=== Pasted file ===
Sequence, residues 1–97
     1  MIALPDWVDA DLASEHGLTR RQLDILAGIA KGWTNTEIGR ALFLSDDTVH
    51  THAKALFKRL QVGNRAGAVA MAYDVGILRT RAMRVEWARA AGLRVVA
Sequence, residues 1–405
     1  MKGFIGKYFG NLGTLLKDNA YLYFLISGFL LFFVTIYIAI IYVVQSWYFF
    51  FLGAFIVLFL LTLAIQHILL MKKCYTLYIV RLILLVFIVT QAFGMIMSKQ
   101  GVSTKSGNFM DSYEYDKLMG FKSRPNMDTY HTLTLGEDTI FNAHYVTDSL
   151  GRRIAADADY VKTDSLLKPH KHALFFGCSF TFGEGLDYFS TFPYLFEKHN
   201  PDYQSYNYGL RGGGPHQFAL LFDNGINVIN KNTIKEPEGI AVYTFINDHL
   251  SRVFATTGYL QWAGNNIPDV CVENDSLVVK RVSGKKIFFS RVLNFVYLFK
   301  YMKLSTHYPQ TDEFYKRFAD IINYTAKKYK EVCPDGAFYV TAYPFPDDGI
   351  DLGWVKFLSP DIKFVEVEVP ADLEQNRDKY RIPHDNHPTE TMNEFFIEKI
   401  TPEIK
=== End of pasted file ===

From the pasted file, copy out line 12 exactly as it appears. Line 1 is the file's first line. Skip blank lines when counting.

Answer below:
   351  DLGWVKFLSP DIKFVEVEVP ADLEQNRDKY RIPHDNHPTE TMNEFFIEKI